Celebrating Sister Mary Corita, the nun and pop-art icon.

Sister Mary Corita Kent at Immaculate Heart College in 1964. Courtesy Corita Art Center.

Corita Kent is a somewhat overlooked artist and activist from the 1960s, but lately her legacy is enjoying a wave of rediscovery, thanks in part to a new show of her work at the Harvard Art Museums and a biography just out from Angel City Press.

Kent, who as a Roman Catholic nun is best known as Sister Mary Corita, established a name for herself in the 1960s and ’70s as an artist working almost exclusively in serigraphs, or screen prints. She counted John Cage, Alfred Hitchcock and Buckminster Fuller as friends and frequently visited Charles and Ray Eames with her students from Immaculate Heart College in Hollywood, where she taught art from 1947 to 1968.


Tomato, 1964, Corita Kent.

Kent is categorized as a pop artist and was a contemporary of Andy Warhol, Edward Ruscha, Roy Lichtenstein and Robert Indiana — whose work is juxtaposed with hers in “Corita Kent and the Language of Pop,” which just opened at the Harvard Art Museums and runs through Jan. 3, after which it will move to the San Antonio Museum of Art. It features 60 works by Kent and 60 by others from the same era and seeks to show, according to the curator, that Kent was a full-fledged member of pop art’s elite, at the very center of a vibrant movement, not a figure in the shadows.

Her story of her life and work is explored in “Corita Kent. Art and Soul. The Biography.” — by April Dammann. It features more than 200 full-color photos.

Like many fellow pop artists, Kent drew on her surroundings — street signs, billboards, images from newspapers and TV — and fused them with  text, which in her case was often drawn from the Bible or topical societal themes. She led her students on expeditions through the streets of Los Angeles looking for inspiration from ordinary street scenes and commercial signage, directing them to frame their vision through a 35-mm slide mount she equipped them with.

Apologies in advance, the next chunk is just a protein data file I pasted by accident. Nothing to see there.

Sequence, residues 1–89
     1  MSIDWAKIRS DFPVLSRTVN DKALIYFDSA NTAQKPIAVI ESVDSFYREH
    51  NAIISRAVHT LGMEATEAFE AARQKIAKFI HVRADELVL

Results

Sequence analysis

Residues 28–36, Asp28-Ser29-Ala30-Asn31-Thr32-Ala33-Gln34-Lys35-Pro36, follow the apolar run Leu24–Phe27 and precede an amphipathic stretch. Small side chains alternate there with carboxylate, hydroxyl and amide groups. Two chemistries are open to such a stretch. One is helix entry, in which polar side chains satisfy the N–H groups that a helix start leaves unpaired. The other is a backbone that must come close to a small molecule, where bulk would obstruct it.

“Like a priest, a shaman, a magician,“ observed Kent’s friend and theologian Harvey Cox, “she could pass her hands over the commonest of the everyday, the superficial, the oh-so-ordinary, and make it a vehicle of the luminous, the only, and the hope filled.”

Feelin’ Groovy, 1967, by Corita Kent.

Spirituality and social justice were common themes of her work. She borrowed the polka dots from Wonder Bread packages to create a poster commenting on hunger. She protested the Vietnam War and spoke up for civil rights, all through her art. Among her most famous works is the “Love” stamp released by the U.S. Postal Service in 1985.

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The artist Ben Shahn called her the “joyous revolutionary.”

“I am not brave enough to not pay my income tax and risk going to jail,” Kent said. “But I can say rather freely what I want to say with my art.”

Her bright spirit and positive messages, expressed in her personality and her artwork, were highly infectious, especially to her students at Immaculate Heart and her many visitors.

The art department at Immaculate Heart College, circa 1955. Courtesy Corita Art Center.

“Among the most fundamentally inspiring experiences of my life have been my visits to the Art Department at Immaculate Heart College,“ Buckminster Fuller remarked.

George Nelson is said to have complained that the only thing wrong with Immaculate Heart College was he couldn’t send his son there.

Kent was born in 1918 in Fort Dodge, Iowa. She graduated from Immaculate Heart in 1941 and went on to teach art there. She left her Catholic order in 1968 and moved to Boston to devote herself to her art. She died there in 1986.

Today, Kent’s legacy is maintained and celebrated by the Corita Art Center in Los Angeles, which holds the largest collection in the world of her prints and other works.

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(A Little) More Careful, 1967, by Corita Kent.